The existence of trauma, broadly understood is the source of an enormous range of mental problems. As a Human Givens therapist, I have the Rewind tool that can de-traumatise very effectively. I wonder how the mass of counsellors cope, as they do not have this vital tool at their disposal? The answer I fear, is not very well.
Listen to this Seventh Audio of the “What is Depression” series and you can also read the accompanying blog post.
Listen/Download to my audio: Finding Trauma
Read my Depression Help Blog post: Finding Trauma
1: How Depression takes hold
Audio 2: Waking Up Exhausted
Audio 3: Twisted Ankle Fairy Story
Audio 4: Dreaming and Depression
Audio 5: Water Hose Metaphor
Audio 6: From Dreaming to Depression
Audio 7: Finding Trauma
Audio 8: What is mental illness?
Audio 9: Clearing Trauma
Audio 10: Examples of Rewind
Audio 11: Lacking Self Confidence
Audio 12: Flood metaphor for Depression
Audio 13: Sleep differences – Depression & Anxiety
Trauma must be understood very broadly and in most cases is far removed from accepted notions of what is trauma. At one extreme, the reaction will be traumatic or near traumatic if the event is experienced in some way as a significant threat. Thus, war trauma, catastrophic accidents or serious physical and sexual abuse are what is meant most often by trauma. And thus, a lot of weight is placed by medical authorities on being able to make a diagnosis of Post Traumatic Stress Disorder (PTSD) as the filter of what real trauma is.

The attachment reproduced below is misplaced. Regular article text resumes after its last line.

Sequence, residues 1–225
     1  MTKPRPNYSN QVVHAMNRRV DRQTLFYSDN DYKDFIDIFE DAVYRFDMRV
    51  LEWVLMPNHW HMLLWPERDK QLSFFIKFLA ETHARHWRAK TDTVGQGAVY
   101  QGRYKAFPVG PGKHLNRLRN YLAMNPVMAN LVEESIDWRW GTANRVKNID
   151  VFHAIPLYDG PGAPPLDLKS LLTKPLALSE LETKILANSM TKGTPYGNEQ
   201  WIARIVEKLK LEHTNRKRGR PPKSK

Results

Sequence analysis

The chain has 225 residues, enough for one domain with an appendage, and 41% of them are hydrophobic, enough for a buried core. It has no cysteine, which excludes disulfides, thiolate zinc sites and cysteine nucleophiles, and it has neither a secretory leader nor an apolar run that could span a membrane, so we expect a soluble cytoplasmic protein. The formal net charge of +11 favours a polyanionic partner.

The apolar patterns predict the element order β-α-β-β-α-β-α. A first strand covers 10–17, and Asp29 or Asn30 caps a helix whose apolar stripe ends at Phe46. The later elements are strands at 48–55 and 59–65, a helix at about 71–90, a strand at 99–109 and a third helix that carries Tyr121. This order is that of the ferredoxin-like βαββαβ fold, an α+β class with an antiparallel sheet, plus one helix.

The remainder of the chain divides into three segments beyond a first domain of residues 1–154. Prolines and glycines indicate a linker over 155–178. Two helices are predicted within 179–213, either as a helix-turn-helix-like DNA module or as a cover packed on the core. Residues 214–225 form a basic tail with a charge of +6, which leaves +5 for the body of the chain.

If we consider what trauma might mean for many sufferers of serious mental distress, then one finds an enormous range of traumatic memories. These will extend from loss and disappointment, to typical childhood bullying and onto quite subtle verbal abuse and then even to fearful and dramatic “what if” projections of the future. Why not? All are emotionally charged reactions located in the limbic system and beyond conscious control – as illustrated in the image above.
A panic attack can feed subsequent anxieties and most phobias (needles, cats, dogs, spiders, heights, flying, vomit, motorways and so on) will typically have their origin in a distinct trauma memory of some kind.
Critically though, the event may not be a one off cut and dried experience with an obvious beginning and end, but can extend over a length of time (many years in fact) – such as the chronic coping and fear around life in an dysfunctional family or difficult school.
Another important characteristic of such trauma is that the event can be either hidden or hard to access and not associated by the sufferer with the current living anxiety. What is important for this event to be processed as a trauma is that there is a powerful emotional reliving of the experience and that the re-experiencing has a strong visual content as well. This means that there is a crude pattern match remaining in the limbic system which is periodically (or in some cases continuously) activated in response to certain subsequent life experiences – even when these appear to bear no obvious resemblance to the original event.
And finally before we leave this general discussion of trauma as a contributor to mental distress, it is important to acknowledge that the experiences of coping or more accurately failing to cope with the reliving and flashbacks of the original trauma can itself be traumatic. This further embedding can do the real damage – it is as if a process of serial trauma creation is set up that can neither be resolved nor controlled.